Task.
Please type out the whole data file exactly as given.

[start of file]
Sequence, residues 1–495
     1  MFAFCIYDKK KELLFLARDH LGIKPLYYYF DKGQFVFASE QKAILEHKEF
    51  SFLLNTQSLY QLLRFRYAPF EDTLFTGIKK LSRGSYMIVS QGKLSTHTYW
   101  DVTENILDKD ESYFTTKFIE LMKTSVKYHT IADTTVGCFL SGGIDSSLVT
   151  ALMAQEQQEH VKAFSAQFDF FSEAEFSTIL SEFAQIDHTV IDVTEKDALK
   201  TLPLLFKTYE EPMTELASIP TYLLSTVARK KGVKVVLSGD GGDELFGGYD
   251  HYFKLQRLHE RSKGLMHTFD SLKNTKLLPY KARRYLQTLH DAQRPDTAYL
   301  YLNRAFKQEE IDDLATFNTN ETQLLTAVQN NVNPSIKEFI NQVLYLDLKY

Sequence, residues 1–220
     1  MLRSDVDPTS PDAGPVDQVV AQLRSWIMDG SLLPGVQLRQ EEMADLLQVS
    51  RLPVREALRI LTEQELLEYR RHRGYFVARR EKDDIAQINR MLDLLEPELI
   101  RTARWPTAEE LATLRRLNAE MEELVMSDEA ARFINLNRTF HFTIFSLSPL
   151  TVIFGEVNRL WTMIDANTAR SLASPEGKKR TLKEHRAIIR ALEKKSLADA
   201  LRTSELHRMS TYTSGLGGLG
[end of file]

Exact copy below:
Sequence, residues 1–495
     1  MFAFCIYDKK KELLFLARDH LGIKPLYYYF DKGQFVFASE QKAILEHKEF
    51  SFLLNTQSLY QLLRFRYAPF EDTLFTGIKK LSRGSYMIVS QGKLSTHTYW
   101  DVTENILDKD ESYFTTKFIE LMKTSVKYHT IADTTVGCFL SGGIDSSLVT
   151  ALMAQEQQEH VKAFSAQFDF FSEAEFSTIL SEFAQIDHTV IDVTEKDALK
   201  TLPLLFKTYE EPMTELASIP TYLLSTVARK KGVKVVLSGD GGDELFGGYD
   251  HYFKLQRLHE RSKGLMHTFD SLKNTKLLPY KARRYLQTLH DAQRPDTAYL
   301  YLNRAFKQEE IDDLATFNTN ETQLLTAVQN NVNPSIKEFI NQVLYLDLKY

Sequence, residues 1–220
     1  MLRSDVDPTS PDAGPVDQVV AQLRSWIMDG SLLPGVQLRQ EEMADLLQVS
    51  RLPVREALRI LTEQELLEYR RHRGYFVARR EKDDIAQINR MLDLLEPELI
   101  RTARWPTAEE LATLRRLNAE MEELVMSDEA ARFINLNRTF HFTIFSLSPL
   151  TVIFGEVNRL WTMIDANTAR SLASPEGKKR TLKEHRAIIR ALEKKSLADA
   201  LRTSELHRMS TYTSGLGGLG